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C.D. Warner, et al., comp.  The Library of the World’s Best Literature.
An Anthology in Thirty Volumes.  1917.
 
Obermann’s Isolation
By Étienne Pivert de Senancour (1770–1846)
 
From ‘Obermann’

I WISH I had a trade: it would animate my arms and tranquillize my head. A talent would not do this; yet if I knew how to paint, I think I should be less unquiet. I have long been in a stupor; I am sorry to have waked. I was in a depression more tranquil than actual depression.  1
  Of all the rapid and uncertain moments when I have thought in my simplicity that one was on this earth to live, none have left me such profound remembrances as those twenty days of forgetfulness and hope, when, about the period of the March equinox, near the torrent before the rocks, between the happy hyacinth and the simple violet, I imagined it would be given me to love.  2
  I was touching what I could never seize. Without inclinations, without hope, I might have been able to vegetate, bored but tranquil. I had a presentiment of human energy, but in my shadowy life I endured my sleep. What sinister force opened the world to me, and thus removed the consolations of nothingness?  3
  Drawn into an expansive activity, eager to love all, to sustain all, to console all; ever struggling between a need of seeing a change in many sad things and a conviction that no change will occur,—I am wearied with the evils of life, and still more indignant at the perfidious seduction of pleasure; my eyes always arrested by the immense heap of hatreds, iniquities, opprobriums, and miseries upon this misguided earth.  4
  And I! I am in my twenty-seventh year: the fine days are over, I did not even see them. Unhappy in the age of happiness, what can I expect of other ages? I spent in emptiness and weariness the happy season of confidence and hope. Everywhere oppressed, suffering, my heart empty and torn, I have attained while still young the regrets of old age. Accustomed to see all the flowers of life shrivel under my sterile steps, I am like those old men from whom everything has escaped; but more unhappy than they, I have lost all long before my own end. With my ardent spirit I cannot rest in this silence of death….  5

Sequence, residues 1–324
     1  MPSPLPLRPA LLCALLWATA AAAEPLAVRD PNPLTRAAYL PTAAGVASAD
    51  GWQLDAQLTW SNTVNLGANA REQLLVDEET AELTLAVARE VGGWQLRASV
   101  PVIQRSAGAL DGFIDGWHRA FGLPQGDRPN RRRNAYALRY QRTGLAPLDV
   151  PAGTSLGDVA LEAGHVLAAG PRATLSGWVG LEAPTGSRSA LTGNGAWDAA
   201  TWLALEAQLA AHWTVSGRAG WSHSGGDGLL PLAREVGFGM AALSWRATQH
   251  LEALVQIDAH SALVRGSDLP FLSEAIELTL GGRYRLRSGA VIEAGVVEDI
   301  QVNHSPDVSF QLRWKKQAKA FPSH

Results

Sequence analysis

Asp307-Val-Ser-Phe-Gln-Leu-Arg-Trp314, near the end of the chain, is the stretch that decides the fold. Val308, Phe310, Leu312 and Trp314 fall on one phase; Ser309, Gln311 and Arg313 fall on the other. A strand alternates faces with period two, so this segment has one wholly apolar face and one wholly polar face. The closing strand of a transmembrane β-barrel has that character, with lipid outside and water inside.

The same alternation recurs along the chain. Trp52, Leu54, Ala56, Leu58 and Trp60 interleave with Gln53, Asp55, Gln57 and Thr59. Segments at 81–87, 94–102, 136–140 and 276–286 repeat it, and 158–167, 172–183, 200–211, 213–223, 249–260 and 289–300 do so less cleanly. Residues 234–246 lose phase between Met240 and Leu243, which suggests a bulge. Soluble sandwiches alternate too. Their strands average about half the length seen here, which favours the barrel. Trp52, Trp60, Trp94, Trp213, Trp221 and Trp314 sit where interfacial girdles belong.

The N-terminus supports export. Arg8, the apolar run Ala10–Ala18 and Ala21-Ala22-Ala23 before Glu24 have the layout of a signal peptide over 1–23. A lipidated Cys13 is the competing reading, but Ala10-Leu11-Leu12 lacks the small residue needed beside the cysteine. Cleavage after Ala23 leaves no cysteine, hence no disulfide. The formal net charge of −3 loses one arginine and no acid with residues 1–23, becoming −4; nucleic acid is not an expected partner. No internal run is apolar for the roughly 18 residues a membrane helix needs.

What places were ever to me what they are to other men? What times were tolerable, and under what skies did I find repose of heart? I have seen the stir of towns, the emptiness of country places, and the austerity of mountains. I have seen the grossness of ignorance and the torment of the arts. I have seen the useless virtues, the indifferent successes, and all good things lost in evil things; man and fate always unequal, ceaselessly deceiving themselves; and in the mad struggle of all the passions, the odious conqueror receiving as price of his triumph the heaviest link of the ills it has caused.  6
  If man were adapted to unhappiness, I should pity him far less; and considering his transitory duration, I should despise for him as for myself the torment of a day. But all good things surround him; all his faculties bid him enjoy, all say to him, “Be happy”: and man has said, “Happiness shall be for the brute: art, science, glory, grandeur, shall be for me.” His mortality, his griefs, his crimes themselves, are but the slightest part of his wretchedness. I deplore his losses,—calm, choice, union, tranquil possession. I deplore a hundred years that millions of sentient beings have wasted in anxiety and restrictions, in the midst of what would make security, liberty, joy; living with bitterness upon a voluptuous earth, because they have desired imaginary and exclusive good things.  7
  However, all that amounts to very little. I did not witness it half a century ago, and in half a century more I shall see it no longer.  8
  I said to myself: If it was not part of my destiny to recall to primordial morals an isolated circumscribed land, if I ought to force myself to forget the world, and think myself happy enough in obtaining tolerable days upon this deluded earth,—then I would ask but one favor, one spirit in that dream from which I no longer wish to awaken. There rests upon earth, such as it is, an illusion which can still deceive me; it is the only one. I would have the wisdom to be deceived by it: the rest is not worth an effort. This is what I said then; but chance alone could grant me the inestimable mistake. Chance is slow and uncertain: life rapid and irrevocable, its springtime passes; and this unsatisfied craving, by wasting my life, must finally alienate my heart and change my nature. Sometimes already I feel myself growing sour: I become angry, my affections narrow; impatience makes my will fierce, and a kind of contempt bears me toward great but austere designs. However, this bitterness does not endure in all its force: afterward I abandon myself as if I felt that distracted men, and uncertain things, and my life so short, did not merit a day’s uneasiness, and that a severe awakening is useless when one must soon sleep forever.  9
 
 
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